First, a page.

– Iran launches Middle East’s ‘biggest’ gold plant, plans to double production (RT, Nov 15, 2014):
Iran has opened a new gold processing plant, reportedly the biggest in the Middle East, hoping to double its production of precious metals. Using a unique technology, Tehran says it will now mine up to three tons of gold per year.
Iranian TV reported that the opening ceremony was attended by First Vice President Ishaq Jahangiri.
The new facility is located near one of the country’s richest mines, Zareh Shuran. It is located 35 kilometers from the city of Takaab in northwest Iran, in an area where gold, silver, and mercury are extracted.
The gold ore reserves of the Zareh Shuran mine are estimated at 20 million tons. ((…with an average karat of 5.5 gram per ton which is considered one of the most valuable known mines in the country.))
According to authorities, the plant’s production can reach three tons of gold per year and thus can double the total of Iran’s gold production.
Worth over $31 million, according to IRNA, the plant will use a new technology which was created in Iran.
It is expected that the plant’s gold production capacity will soon reach six tons per year. Silver and mercury productions are expected to hit 2.5 and 1.5 tons, respectively.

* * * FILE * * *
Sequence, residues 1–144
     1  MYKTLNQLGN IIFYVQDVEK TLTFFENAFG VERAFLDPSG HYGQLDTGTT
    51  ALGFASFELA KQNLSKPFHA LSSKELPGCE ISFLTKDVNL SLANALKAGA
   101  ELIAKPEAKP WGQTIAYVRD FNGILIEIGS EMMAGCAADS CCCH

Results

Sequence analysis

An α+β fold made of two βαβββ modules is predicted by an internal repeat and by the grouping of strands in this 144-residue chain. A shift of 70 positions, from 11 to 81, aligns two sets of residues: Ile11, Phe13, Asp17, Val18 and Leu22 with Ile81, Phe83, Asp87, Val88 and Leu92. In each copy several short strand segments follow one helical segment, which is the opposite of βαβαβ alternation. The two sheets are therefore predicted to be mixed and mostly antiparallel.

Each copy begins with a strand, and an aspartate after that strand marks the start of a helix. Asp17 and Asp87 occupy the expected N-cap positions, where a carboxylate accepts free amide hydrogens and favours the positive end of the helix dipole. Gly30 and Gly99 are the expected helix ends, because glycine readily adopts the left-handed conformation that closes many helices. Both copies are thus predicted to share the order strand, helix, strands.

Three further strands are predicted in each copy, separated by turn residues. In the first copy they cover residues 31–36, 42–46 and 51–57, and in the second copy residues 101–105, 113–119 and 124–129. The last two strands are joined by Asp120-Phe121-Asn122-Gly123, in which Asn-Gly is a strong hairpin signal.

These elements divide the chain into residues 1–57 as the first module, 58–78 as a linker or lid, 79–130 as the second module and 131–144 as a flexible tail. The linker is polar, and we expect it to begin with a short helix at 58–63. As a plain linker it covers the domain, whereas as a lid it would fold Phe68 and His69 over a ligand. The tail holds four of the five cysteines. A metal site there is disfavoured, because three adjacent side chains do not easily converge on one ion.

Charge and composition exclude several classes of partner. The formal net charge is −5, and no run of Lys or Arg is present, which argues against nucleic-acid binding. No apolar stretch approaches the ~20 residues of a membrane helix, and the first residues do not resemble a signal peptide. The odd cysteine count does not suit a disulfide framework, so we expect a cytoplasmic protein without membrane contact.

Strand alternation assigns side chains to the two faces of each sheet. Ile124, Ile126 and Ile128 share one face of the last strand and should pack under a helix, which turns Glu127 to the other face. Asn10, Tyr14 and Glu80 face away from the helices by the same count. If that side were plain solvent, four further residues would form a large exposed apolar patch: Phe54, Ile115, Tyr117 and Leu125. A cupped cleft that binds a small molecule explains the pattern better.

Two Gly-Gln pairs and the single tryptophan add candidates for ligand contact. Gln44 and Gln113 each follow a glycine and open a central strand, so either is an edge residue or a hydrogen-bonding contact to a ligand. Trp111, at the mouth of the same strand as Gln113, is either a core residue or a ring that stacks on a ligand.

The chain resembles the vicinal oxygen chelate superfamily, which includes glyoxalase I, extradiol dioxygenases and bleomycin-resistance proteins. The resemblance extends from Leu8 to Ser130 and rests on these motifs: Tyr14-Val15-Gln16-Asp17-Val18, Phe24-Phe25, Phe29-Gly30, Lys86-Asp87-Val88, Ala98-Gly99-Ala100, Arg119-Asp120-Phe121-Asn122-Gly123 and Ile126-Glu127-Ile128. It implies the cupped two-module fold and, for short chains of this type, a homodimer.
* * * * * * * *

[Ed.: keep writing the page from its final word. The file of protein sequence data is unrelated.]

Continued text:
This implementation is part of the so-called “economy of resistance,” which Iran’s Supreme Leader, Ayatollah Ali Khamenei, introduced in February.
The policy includes domestic economy building with maximum utilization of the country’s resources, as well as the promotion of a knowledge-based economy and innovation. The ultimate goal is to become the No. 1 knowledge-based economy of the region.
Iran is still under tough sanctions that were imposed in 2012 over its nuclear program, which the West claims is aimed at developing atomic weapons. However, Iran says the program is for peaceful, civilian purposes.
World powers are demanding that Iran restrict its nuclear program so that it cannot be used to build atomic weapons.
Iran is currently facing a November 24 deadline to reach an agreement on its program, within the framework of year-long diplomatic talks.